Undertaker of the Mind: John Monro and Mad-Doctoring in Eighteenth-Century England by Andrew Scull, Jonathan Andrews (Hardback, 2001)
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- DescriptionAs visiting physician to Bethlem Hospital, the archetypal 'Bedlam' and Britain's first and (for hundreds of years) only public institution for the insane, Dr. John Monro (1715-1791) was a celebrity in his own day. Jonathan Andrews and Andrew Scull call him a 'conisseur of insanity, this high priest of the trade in lunacy'. Although the basics of his life and career are well kwn, this study is the first to explore in depth Monro's colorful and contentious milieu. Mad-doctoring grew into a recognized, if t entirely respectable, profession during the eighteenth century, and besides being affiliated with public hospitals, Monro and other mad-doctors became entrepreneurs and owners of private madhouses and were consulted by the rich and famous. Monro's close social connections with members of the aristocracy and gentry, as well as with medical professionals, politicians, and divines, guaranteed him a significant place in the social, political, cultural, and intellectual worlds of his time. Andrews and Scull draw on an astonishing array of visual materials and verbal sources that include the diaries, family papers, and correspondence of some of England's wealthiest and best-connected citizens. The book is also distinctive in the coverage it affords to individual case histories of Monro's patients, including such prominent contemporary figures as the Earls Ferrers and Orford, the religious 'enthusiast' Alexander Cruden, and the 'mad' King George III, as well as his crazy would-be assassin, Margaret Nicholson. What the authors make clear is that Monro, a serious physician neither reactionary r enlightened in his methods, was the outright epitome of the mad-trade as it existed then, esteemed in some quarters and ridiculed in others. The fifty illustrations, expertly antated and integrated with the text, will be a revelation to many readers.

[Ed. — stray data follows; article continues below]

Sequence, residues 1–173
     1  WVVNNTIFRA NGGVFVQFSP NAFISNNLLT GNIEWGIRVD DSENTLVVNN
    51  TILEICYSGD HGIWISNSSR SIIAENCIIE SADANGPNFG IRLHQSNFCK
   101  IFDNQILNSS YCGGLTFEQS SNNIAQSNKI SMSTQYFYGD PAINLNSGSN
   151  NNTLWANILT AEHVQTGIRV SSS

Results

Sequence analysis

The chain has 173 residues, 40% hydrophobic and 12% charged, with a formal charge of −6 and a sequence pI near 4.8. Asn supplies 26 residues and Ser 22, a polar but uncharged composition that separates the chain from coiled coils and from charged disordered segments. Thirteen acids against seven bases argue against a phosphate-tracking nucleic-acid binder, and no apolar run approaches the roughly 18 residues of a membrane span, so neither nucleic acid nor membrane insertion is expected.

- Author BiographyJonathan Andrews is Senior Lecturer in the School of Humanities, Oxford Brookes University. His publications include The History of Bethlem (1997) and They're in the Trade of Lunacy (1998). Andrew Scull, author of Social Order/Mental Disorder (California, 1989; 1992) and The Most Solitary of Afflictions (1993), among other books, is Professor of Sociology and Science Studies at the University of California, San Diego.
- Author(s)Andrew Scull,Jonathan Andrews
- PublisherUniversity of California Press
- Date of Publication24/10/2001
- SubjectBiography: Historical, Political & Military
- Series TitleMedicine and Society S.
- Series Part/Volume Numberv.11
- Place of PublicationBerkerley
- Country of PublicationUnited States
- ImprintUniversity of California Press
- Content Note50 b/w photographs
- Weight503 g
- Width152 mm
- Height229 mm
- Spine25 mm
- Format DetailsCloth over boards
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